CFGI Mentioned – “Tips for Managing Green Card Sponsorship Policies”


“An organization's employment green card policy is a top consideration for foreign national candidates considering their career choices.

“Many companies that sponsor green cards for their foreign national employees…have green card policies they can use as a recruitment tool.

“Other companies are rethinking whether they will sponsor workers for permanent residence, considering the current challenges they face in getting temporary worker visas and extensions approved, said William Coffman, special counsel in the Boston office of law firm Mintz Levin. ‘Maybe they're doing it sooner, or developing policies if they don't have them, or changing policies,’ he told attendees of the recent Council for Global Immigration 2018 Symposium.

“Zarina Godhrawala, manager of global mobility and immigration at Deloitte, explained that her firm has put a lot of work into its green card policy to attract and retain talent. But she added that her team can diverge from the policy and follow additional guidelines depending on business needs.

“…Global biotechnology firm Qiagen does not have a published green card policy but instead follows an internal standard operating procedure, said Derry Velardi, associate director of HR for the company.

“‘You have to have a framework for consistency, but in this climate, you also must be agile, because the law's changing every week,’ said Derek Quashie, a senior manager in the immigration practice at PwC Law, in Toronto.

“Whether a company has an official policy or not, employers will want to be clear about several key areas of the sponsorship process—requirements, costs and repayment agreements.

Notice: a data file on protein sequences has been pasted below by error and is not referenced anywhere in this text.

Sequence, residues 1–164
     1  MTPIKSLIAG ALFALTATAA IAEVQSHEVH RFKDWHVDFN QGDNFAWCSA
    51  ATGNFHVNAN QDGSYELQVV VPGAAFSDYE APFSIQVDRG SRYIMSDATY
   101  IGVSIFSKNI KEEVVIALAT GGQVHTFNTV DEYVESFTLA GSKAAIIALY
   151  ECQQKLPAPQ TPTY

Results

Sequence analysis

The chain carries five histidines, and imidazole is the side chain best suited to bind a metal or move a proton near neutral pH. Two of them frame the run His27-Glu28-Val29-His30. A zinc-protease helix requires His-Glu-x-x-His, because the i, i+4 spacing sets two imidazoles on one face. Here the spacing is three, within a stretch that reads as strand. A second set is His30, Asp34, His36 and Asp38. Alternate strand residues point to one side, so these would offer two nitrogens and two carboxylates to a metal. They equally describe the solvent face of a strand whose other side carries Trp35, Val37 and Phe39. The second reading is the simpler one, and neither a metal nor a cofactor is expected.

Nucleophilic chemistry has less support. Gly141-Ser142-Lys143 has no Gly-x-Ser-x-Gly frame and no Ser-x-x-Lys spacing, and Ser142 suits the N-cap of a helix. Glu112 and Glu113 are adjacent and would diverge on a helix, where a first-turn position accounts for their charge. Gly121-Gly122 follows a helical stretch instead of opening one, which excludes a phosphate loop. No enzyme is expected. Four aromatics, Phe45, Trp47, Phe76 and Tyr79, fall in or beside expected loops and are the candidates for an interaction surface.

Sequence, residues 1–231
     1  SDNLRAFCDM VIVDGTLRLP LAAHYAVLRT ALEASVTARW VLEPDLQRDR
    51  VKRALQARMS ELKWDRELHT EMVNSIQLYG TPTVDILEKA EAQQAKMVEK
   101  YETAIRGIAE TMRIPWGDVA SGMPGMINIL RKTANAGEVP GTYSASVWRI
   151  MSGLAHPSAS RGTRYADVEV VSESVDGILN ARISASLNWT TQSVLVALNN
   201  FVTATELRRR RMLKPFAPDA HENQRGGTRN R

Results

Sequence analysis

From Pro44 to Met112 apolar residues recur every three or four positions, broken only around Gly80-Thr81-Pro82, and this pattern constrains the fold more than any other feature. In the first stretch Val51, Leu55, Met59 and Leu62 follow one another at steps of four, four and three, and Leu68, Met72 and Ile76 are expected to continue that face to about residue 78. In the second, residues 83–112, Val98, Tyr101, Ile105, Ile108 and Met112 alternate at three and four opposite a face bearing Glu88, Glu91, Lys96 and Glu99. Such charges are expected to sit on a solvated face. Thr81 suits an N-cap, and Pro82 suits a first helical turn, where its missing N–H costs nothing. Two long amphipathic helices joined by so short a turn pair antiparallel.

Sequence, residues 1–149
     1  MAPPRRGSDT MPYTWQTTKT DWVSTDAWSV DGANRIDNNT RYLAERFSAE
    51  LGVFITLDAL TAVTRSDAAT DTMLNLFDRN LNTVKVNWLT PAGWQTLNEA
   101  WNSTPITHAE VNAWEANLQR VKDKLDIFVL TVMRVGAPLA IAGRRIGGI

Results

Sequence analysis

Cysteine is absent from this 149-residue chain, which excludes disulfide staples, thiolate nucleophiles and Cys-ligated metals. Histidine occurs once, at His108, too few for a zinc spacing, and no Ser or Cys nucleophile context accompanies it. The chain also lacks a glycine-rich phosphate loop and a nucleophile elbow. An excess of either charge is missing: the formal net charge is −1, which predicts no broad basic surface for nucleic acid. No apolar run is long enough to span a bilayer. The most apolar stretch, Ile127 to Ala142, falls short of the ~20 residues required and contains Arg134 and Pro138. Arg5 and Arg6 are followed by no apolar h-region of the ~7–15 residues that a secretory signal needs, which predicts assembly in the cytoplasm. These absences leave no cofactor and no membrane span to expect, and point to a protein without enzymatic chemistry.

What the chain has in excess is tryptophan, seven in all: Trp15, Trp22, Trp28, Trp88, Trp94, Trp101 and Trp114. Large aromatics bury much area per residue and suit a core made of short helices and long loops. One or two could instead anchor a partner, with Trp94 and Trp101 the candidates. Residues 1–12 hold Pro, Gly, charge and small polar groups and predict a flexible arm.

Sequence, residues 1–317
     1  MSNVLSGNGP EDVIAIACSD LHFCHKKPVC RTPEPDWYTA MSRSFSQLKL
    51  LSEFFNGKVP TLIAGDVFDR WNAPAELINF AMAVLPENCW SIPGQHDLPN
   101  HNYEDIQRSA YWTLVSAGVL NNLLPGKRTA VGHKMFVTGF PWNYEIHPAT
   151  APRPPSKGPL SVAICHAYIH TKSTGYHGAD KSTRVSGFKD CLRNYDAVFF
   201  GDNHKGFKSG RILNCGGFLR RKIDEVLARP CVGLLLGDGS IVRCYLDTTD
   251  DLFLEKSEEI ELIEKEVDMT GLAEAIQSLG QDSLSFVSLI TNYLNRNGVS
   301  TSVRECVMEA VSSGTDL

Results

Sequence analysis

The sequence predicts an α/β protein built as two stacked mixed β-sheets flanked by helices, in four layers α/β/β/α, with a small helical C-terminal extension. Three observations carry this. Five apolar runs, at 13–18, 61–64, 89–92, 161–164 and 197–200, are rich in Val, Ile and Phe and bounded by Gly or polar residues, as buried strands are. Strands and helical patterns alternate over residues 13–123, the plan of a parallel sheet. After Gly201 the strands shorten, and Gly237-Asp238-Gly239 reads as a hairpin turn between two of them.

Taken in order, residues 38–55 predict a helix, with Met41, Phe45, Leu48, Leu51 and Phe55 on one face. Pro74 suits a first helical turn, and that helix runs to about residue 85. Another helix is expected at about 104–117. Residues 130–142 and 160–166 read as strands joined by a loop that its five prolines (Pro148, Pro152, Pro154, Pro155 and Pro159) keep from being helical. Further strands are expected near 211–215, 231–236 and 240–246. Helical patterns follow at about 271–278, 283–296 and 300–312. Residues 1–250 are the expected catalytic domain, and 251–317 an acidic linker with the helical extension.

“…One of the first factors to consider is employee eligibility. The green card process can be started immediately upon hire or based on a certain tenure. 

“…Factors to consider include the employee's current visa status as well as the country of birth, which will significantly impact the length of the process. Depending on the visa category, foreign nationals from India can be stuck in the green card backlog for decades.

“…Employers also need to decide who will pay for the process beyond what is required of the sponsoring organization. This can be a major factor in whether the worker is willing to go through the green card process. 

“Employers can pay for the entire process or ask employees to cover the costs of the visa petition and adjustment-of-status portions of the process, including filing fees, medical tests and green card applications for dependents.

“‘The company is responsible for all costs related to the labor-certification part of the process with the Department of Labor (DOL),’ Coffman said. ‘The DOL takes this very seriously and has punished companies for noncompliance.’

“…Some employers require employees in the green card process to stay with the company for a certain period of time or repay the costs that can be legally borne by the employee if they leave before the end of that period.”

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